They call it Wildlife Services. But the last thing on Earth that this branch of the U.S. Dept. of Agriculture is serving is wildlife.
A remarkable series of articles by Tom Knudson in The Sacramento Bee (they deserve a Pulitzer) uncovers what goes on at the secretive agency, whose main constituents would seem to be the ranching industry.
Part One opens with the story of a Wildlife Services agent accidentally trapping a majestic golden eagle in a neck snare and being told by his boss to bury the evidence.
The newspaper lists some of its findings:
• With steel traps, wire snares and poison, agency employees have accidentally killed more than 50,000 animals since 2000 that were not problems, including federally protected golden and bald eagles; more than 1,100 dogs, including family pets; and several species considered rare or imperiled by wildlife biologists.
• Since 1987, at least 18 employees and several members of the public have been exposed to cyanide when they triggered spring-loaded cartridges laced with poison meant to kill coyotes. They survived – but 10 people have died and many others have been injured in crashes during agency aerial gunning operations over the same time period.
• A growing body of science has found the agency’s war against predators, waged to protect livestock and big game, is altering ecosystems in ways that diminish biodiversity, degrade habitat and invite disease.
This graphic illustrates how Wildlife Services goes about its work:
The agency claims to try using “nonlethal control” first, but says there are emergencies that call for the killing.
“If we can use nonlethal control first, we usually do it,” said William Clay, deputy administrator of Wildlife Services. “The problem is, generally when we get a call, it’s because farmers and ranchers are having livestock killed immediately. They are being killed daily. Our first response is to try to stop the killing and then implement nonlethal methods.”
What’s apparently given no consideration by the agency is that all of this carnage and destruction is taking place because of two highly invasive species: humans and their cows. Nature is being sacrificed to the beef industry.
In all, more than 150 species have been killed by mistake by Wildlife Services traps, snares and cyanide poison since 2000, records show. A list could fill a field guide. Here are some examples:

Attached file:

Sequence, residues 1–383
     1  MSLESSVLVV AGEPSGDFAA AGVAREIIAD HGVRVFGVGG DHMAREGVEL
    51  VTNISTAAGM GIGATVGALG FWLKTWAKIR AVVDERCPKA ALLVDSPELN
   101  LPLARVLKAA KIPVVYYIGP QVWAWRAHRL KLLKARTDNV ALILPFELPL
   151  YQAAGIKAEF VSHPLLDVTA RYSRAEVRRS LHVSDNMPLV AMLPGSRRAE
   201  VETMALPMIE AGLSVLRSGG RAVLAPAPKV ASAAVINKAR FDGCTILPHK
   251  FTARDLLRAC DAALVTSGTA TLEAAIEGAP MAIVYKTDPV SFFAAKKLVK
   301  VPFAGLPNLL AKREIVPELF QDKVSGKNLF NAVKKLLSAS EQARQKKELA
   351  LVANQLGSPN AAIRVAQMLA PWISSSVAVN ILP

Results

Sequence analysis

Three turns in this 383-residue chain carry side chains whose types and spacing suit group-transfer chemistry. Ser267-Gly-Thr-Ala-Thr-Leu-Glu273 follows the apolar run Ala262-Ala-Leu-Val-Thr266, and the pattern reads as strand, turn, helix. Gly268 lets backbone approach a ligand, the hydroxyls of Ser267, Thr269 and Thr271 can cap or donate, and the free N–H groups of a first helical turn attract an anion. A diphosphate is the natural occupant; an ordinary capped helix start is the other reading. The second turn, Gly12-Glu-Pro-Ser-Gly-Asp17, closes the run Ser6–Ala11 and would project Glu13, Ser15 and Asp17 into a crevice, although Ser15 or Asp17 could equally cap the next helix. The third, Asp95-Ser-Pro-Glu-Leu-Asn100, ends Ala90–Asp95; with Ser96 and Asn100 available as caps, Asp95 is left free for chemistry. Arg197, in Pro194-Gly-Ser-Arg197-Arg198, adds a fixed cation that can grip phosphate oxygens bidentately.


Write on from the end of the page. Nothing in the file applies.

Armadillos, badgers, great-horned owls, hog-nosed skunks, javelina, pronghorn antelope, porcupines, great blue herons, ruddy ducks, snapping turtles, turkey vultures, long-tailed weasels, marmots, mourning doves, red-tailed hawks, sandhill cranes and ringtails.
And family pets.
Maggie, a border collie-Irish setter mix belonging to the McCurtain family, died when her spine was crushed by a vise-like “body-grip” trap set close to their home in suburban Oregon by Wildlife Services.
“Never once did anyone come to us and apologize,” Denise McCurtain said. “It was like they pretended it didn’t happen.”
In Part Two, Tom Knudson describes the fool’s errand of Wildlife Services setting out to protect wild mule deer from coyotes. But nature has had millions of years to figure out what makes for a healthy eco-system, and humans basically are clueless. Their efforts simply create more problems.
Kill too many coyotes and you open a Pandora’s box of disease-carrying rodents, meadow-munching rabbits, bird-eating feral cats, and, over time, smarter, more abundant coyotes. You also can sentence the deer you are trying to help to slow death by starvation.
“There is a widespread perception that predators are the root of all evil and I’m tired of it,” said [Kelly] Stewart [of the University of Nevada]. “More often than not, if you have predation on a mule deer population, you’re going to have a healthier population.”
The numbers are staggering.
While fewer bobcats are killed today, the numbers of three other major predators shot, trapped and snared by the agency have risen. In 1970, agency employees killed 73,100 coyotes, 400 black bears, 120 mountain lions. By 2011, the tally had climbed to 83,200 coyotes (up 14 percent), 565 black bears (up 41 percent) and 400 mountain lions (up 230 percent).
In fact, the more coyotes you kill, the more you end up with. The smarter ones survive and you end up with an enhanced species: the super-coyote.
In any case, a recent study in Wildlife Monographs reports that coyotes rarely prey on deer. They’re much more interested in mice and rabbits. Kill the coyotes, and the rodent population rises.
Tom Wasley, a deer biologist, has tried to explain to Wildlife Services the futility of humans trying to control wildlife.
“I’ve been told my analysis is a morale breaker, that they don’t like me because I’m doing objective analysis,” he said. “The director told me he’s got a tough time keeping his guys’ spirits up when they read what they’re doing has yet to demonstrate any measurable benefit.”
In Part Three, Tom Knudson writes that the environmental group WildEarth Guardians has filed suit against Wildlife Services in U.S. District Court in Las Vegas, asking that the agency’s activities be halted until it prepares a new, more comprehensive environmental impact statement. The suit also calls for a halt to its aerial gunning of predators in federally designated wilderness areas.
It says the agency’s 1994 document analyzes environmental impacts on only 17 species. “Fast-forward to 2010 when Wildlife Services killed over 5 million animals, representing a total of approximately 300 species,” the lawsuit says.
It also alleges that Wildlife Services violated the Wilderness Act in Nevada by conducting aerial gunning operations in federally designated wilderness areas that are off-limits to most human activities. “You can’t even ride a bicycle in a designated wilderness area,” [Wendy] Keefover [of WildEarth Guardians] said. “Yet Wildlife Services strafes these pristine areas with low-flying aircraft.”
Read the whole series at The Sacramento Bee.